Refer now to FIG. 2 for a block diagram of a CDMA base station 100, its effective operating boundary 110, and multiple mobile stations 120 and 130. Mobile station 120 is close to the base station 100, therefore, the transmitted signals from the base station will be received at the mobile station 120 clearly. Furthermore, the transmitted signals from the mobile station 120 will be received at the base station 100 clearly. Mobile station 130 is at the edge of the effective operating boundary 110 of the base station 100. Therefore, signals transmitted from the base station 100 will be relatively weak when they arrive at the mobile station 130. The same is true for signals originating at the mobile station 130. Obviously, if mobile station 120 is transmitting at the same output power as the mobile station 130, the signal from the mobile station 120 will overwhelm the signal from mobile station 130. Through closed loop power control, the base station 100 notifies the mobile station 120 to lower its output power and mobile station 130 to raise its output power so that signals from both mobile stations 120 and 130 will arrive at the base station 100 with approximately the same power.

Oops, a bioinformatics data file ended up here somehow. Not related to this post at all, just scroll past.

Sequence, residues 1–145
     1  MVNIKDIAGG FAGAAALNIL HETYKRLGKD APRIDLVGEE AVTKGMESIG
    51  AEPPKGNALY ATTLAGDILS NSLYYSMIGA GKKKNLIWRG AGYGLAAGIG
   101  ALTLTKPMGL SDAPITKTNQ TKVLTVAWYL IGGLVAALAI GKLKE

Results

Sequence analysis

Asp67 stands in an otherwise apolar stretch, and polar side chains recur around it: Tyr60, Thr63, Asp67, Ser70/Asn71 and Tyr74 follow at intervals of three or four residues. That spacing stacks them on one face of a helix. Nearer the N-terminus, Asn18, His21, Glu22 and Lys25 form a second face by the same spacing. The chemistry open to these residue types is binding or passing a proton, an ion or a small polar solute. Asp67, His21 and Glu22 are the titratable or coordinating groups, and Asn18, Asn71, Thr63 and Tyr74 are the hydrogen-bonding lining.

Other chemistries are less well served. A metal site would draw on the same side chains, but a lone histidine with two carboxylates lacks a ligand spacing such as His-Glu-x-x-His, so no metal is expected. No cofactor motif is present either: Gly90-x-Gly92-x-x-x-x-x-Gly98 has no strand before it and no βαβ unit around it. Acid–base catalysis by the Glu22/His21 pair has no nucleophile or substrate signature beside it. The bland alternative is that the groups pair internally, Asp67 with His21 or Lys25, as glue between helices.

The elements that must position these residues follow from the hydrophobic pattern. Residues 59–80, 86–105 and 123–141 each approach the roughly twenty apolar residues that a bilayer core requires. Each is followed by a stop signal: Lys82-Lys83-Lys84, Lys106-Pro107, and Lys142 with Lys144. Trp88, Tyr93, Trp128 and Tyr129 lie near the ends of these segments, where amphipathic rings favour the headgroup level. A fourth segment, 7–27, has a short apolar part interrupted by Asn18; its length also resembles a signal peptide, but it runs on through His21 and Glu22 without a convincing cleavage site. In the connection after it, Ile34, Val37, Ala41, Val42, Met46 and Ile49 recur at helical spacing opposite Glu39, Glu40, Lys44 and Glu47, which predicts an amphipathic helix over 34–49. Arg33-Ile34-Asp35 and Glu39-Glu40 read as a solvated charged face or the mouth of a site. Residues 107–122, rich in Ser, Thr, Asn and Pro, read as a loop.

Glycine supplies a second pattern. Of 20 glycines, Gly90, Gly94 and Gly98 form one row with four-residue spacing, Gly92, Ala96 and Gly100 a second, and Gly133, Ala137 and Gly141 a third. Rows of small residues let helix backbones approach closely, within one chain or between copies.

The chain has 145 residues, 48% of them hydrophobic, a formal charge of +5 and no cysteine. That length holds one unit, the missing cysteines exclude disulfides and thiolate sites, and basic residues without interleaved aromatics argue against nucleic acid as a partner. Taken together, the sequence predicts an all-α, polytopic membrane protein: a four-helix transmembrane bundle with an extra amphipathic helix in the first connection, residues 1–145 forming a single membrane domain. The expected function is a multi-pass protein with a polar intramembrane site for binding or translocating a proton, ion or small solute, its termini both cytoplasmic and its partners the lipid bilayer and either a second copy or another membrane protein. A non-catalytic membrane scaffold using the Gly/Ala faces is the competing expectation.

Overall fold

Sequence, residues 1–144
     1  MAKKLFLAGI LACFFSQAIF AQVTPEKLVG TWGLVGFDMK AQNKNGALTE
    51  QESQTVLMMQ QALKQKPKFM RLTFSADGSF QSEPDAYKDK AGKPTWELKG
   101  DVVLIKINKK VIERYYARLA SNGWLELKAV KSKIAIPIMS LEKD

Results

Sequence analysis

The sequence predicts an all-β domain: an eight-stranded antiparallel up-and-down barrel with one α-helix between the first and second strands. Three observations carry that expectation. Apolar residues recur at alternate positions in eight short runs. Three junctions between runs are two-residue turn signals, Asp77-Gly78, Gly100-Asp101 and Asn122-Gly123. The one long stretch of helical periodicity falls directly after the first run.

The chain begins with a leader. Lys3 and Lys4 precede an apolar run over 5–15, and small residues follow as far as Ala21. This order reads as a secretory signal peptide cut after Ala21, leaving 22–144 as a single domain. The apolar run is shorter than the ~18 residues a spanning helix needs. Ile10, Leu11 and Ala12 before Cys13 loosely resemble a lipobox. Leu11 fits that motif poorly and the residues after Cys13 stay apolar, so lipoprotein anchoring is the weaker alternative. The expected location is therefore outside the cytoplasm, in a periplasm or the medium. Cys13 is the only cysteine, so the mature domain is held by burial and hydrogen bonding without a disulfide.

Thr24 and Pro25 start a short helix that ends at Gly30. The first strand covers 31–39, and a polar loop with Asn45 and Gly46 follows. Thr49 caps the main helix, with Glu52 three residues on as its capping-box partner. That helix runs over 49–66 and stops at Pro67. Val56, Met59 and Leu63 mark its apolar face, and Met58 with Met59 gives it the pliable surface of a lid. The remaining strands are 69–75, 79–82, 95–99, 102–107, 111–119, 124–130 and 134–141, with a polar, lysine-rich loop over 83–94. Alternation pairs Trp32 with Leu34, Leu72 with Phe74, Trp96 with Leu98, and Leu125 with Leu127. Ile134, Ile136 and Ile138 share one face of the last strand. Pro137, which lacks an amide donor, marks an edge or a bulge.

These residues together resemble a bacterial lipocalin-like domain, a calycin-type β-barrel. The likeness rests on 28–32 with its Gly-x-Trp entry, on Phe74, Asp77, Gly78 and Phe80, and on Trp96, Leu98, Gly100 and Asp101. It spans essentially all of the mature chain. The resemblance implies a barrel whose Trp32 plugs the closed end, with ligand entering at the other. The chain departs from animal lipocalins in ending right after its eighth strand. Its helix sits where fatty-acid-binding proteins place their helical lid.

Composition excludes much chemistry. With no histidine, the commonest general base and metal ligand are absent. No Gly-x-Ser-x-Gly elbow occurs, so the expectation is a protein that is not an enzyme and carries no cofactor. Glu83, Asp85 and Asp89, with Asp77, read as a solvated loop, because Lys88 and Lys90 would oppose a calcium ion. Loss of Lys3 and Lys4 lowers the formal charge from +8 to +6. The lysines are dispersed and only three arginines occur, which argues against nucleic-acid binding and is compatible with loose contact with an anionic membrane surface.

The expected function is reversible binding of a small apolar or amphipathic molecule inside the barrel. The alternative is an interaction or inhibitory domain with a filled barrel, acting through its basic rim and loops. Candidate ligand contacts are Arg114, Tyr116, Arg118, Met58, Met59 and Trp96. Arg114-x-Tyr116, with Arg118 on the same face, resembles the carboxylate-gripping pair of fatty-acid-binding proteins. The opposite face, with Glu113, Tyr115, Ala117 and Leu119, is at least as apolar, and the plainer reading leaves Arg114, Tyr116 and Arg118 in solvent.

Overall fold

Another problem occurs when the mobile station 120 is in the fringe coverage area between multiple base stations. When more than one base station is communicating with the mobile station 120, typically, one base station will have a stronger signal than the other(s). Since TIA/EIA/IS-95-A specifies that the power control command which specifies power down will always be chosen over one that specified power up, an erroneously received power control command, i.e., a power up command received as a power down command can result in a dropped connection.